ABSTRACT OF THE THESIS
Skin We Wrought:
Critical Dancemaking, Autoethnography, and Asian American Identity
Master of Fine Arts in Dance
University of California, Irvine, 2019
Associate Professor Jennifer Fisher, PhD, Chair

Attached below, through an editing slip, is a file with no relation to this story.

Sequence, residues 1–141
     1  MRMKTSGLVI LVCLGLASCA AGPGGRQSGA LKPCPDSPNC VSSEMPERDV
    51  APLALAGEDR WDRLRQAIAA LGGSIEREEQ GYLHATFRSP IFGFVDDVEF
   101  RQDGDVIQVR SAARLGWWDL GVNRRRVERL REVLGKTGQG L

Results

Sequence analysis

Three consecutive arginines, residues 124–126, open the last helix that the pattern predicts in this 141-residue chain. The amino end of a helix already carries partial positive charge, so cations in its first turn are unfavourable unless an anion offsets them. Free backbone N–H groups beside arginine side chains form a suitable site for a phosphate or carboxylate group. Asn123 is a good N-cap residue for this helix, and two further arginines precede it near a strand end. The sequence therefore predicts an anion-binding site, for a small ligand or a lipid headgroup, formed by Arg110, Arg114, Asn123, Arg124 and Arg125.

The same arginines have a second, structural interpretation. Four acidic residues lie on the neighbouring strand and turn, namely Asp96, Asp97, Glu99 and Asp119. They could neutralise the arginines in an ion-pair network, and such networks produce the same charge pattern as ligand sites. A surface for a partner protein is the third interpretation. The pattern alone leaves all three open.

This research is focused on the current cultural Asian American experience through personal, familial, social, and artistic contexts, how the historical impact of racism towards Asian Americans has influenced me as an artist, and how I’m interpreting those histories and current social attitudes through a critical-theoretic art-making model. I explore what my identity is within the Asian American experience, cross-racial intersections in Brooklyn through an experience that I name the catalyst incident, and how my art-making reflects and represents historical and contemporary representations of Asianness. Through a collaborative process, I created a multi-disciplinary performance work interweaving contemporary dance and experimental filmmaking based on my autoethnographic and cross-racial historical findings. The culminating thirty-minute work entitled, Skin We Wrought, investigates themes of silence, assimilation, resilience, and community through a series of vignettes performed in the Experimental Media Performance Lab at UC Irvine. In this intersectional art-making study, I find that negotiating identity remains an important and complex issue. Pervasive stereotypes continue to shape my life and the lives of others, and art has the power to make change.